03. CONTEXT: When do you use social media?

The goal here is to determine what external “triggers” make you pull out your phone. Are particular times of day pitfalls for you? Particular activities? Is it more a matter of where you are? Of whom you’re with?

Noting these external triggers and situations that motivate phone usage can help you evaluate whether and when you need to cut back your usage. I’ve learned, for example, that I pull out my phone when standing in lines. Long or short, it doesn’t matter—I reach for it all the same. So I am no longer “allowed” to look at my phone then. See if you can find a similar opportunity for yourself!

04. MOTIVATION: Why are you using it?

While we know that dopamine is pushing us to open these apps, investigate what more particular desires are involved: what is motivating you to open each app? Is it just a thoughtless habit? Are you bored? Are you hungry? Looking for companionship? Desiring intellectual stimulation? Getting family updates? Avoiding an unpleasant task or potentially awkward social interaction? Desiring creative stimulation? Looking for an answer to a real question or for help solving a problem?

If you’re looking for intellectual or creative stimulation, or networking with others, you’re using social media for its purpose. However, if you find that much of your social media usage is motivated by boredom or avoidance (of people, or responsibilities, or even just loneliness), you may want to try developing new habits of control. Instead of checking your phone, read an article or a book, or start a craft; reward yourself for doing the task at hand (maybe with some social media time!); text a friend or arrange a coffee date (or just compliment the woman sitting next to you at the coffee shop!). You could try making yourself a list of “Quick Alternative Activities” to fill those moments of vulnerable boredom.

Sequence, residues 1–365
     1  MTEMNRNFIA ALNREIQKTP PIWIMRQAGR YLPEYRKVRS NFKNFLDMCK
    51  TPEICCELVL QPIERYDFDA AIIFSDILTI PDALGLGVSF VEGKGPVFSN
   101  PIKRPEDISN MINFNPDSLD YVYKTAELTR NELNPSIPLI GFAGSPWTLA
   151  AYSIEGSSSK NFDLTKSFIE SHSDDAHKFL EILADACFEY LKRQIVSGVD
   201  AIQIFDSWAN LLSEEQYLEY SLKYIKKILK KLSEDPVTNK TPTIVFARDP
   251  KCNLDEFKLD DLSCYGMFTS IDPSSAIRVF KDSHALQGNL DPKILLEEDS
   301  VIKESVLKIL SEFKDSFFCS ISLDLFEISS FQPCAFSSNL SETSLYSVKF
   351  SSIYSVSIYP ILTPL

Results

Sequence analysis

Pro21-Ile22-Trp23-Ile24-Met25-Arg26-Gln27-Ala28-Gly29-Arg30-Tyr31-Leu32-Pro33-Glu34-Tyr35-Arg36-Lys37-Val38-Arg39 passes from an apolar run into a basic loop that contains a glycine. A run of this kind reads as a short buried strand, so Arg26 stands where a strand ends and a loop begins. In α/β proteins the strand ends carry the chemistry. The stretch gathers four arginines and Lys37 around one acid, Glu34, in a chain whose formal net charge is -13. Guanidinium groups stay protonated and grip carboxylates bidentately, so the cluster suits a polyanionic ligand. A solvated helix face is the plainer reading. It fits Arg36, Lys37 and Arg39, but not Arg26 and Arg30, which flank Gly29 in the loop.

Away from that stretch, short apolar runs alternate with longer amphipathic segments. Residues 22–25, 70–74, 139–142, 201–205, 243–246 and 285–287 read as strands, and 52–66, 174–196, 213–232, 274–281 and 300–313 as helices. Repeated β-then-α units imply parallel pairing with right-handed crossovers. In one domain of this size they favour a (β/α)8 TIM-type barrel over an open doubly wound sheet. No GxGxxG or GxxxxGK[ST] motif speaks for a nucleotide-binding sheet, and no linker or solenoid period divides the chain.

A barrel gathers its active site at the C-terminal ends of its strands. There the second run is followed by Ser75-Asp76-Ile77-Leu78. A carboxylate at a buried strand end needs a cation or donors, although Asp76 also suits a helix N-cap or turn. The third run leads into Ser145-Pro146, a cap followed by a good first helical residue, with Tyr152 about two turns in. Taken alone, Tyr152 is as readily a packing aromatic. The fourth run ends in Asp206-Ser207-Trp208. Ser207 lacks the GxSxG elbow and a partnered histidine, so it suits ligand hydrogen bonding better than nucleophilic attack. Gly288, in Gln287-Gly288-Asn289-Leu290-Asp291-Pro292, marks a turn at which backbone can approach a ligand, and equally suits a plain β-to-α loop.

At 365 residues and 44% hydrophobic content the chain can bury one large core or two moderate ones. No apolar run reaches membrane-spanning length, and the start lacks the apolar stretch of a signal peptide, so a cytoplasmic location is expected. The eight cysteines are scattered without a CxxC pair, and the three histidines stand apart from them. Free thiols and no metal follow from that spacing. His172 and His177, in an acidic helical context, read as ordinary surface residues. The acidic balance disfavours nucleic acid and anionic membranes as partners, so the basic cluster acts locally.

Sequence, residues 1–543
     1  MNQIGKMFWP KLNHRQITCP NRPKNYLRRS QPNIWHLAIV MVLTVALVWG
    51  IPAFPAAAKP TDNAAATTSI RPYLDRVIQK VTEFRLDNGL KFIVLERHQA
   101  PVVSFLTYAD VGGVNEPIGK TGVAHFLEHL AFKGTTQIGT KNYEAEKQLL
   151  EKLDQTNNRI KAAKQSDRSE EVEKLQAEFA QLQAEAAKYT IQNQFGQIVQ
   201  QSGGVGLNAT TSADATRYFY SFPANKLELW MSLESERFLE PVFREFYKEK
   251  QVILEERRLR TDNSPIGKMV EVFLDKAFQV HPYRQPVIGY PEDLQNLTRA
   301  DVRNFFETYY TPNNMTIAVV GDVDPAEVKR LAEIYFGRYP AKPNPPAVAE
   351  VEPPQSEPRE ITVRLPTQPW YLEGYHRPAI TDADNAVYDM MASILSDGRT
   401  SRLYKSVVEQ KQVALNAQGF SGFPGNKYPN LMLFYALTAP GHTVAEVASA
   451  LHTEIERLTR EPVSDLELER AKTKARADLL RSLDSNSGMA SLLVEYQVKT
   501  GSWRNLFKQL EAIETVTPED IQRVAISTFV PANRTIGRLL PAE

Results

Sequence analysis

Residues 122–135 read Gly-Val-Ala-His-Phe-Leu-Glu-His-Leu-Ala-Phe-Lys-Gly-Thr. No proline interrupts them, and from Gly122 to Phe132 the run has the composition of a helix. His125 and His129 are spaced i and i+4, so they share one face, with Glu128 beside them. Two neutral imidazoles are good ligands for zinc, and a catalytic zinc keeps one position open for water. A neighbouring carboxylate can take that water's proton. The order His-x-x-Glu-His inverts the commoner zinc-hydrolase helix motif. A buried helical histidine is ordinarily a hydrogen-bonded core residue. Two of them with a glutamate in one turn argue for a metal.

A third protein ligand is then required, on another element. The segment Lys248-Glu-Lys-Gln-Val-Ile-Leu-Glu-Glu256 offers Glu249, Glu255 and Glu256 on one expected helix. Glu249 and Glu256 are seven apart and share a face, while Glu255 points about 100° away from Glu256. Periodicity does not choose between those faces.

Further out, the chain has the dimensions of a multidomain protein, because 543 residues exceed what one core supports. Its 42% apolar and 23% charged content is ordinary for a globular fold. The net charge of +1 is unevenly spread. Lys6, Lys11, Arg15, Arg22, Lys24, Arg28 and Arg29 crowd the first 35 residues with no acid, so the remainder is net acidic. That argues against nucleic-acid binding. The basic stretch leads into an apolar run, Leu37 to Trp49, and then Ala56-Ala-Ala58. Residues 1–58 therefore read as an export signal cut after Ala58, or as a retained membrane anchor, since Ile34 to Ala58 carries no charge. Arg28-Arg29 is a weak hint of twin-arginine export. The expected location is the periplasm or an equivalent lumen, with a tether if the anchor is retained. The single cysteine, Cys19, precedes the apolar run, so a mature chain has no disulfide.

Family updates fall into a gray area: while keeping up with my nieces on Insta Stories is one of the greatest joys of my daily life, it doesn’t compare to a ten-minute FaceTime with one of them or a quick chat with my mom. Make sure that you’re mixing and matching your social media time with real conversations.

05. RESULTS: How do you feel after using social media?

Do your feelings change based on the particular app? On the time of day? On the content of your usage? Have you accomplished whatever you set out to do? If you were looking for relaxation, do you feel refreshed? For inspiration, do you have ideas for moving forward? For questions answered, do you feel at peace?

If you feel refreshed and inspired after your time on an app, then you’ve likely used it well. If you feel drained, discouraged, de-energized, or just downright out of sorts, then something is certainly “off.” See if you can make sense of your reactions; look for patterns in your habits and for opportunities to develop more intentionality.

While the conflict with social media seems to be universal, the particulars of that conflict vary from person to person based on your state in life, your career, and your temperament. By honestly evaluating your habits, you can make social media once again a useful tool rather than a timesuck. Enjoy the detoxing!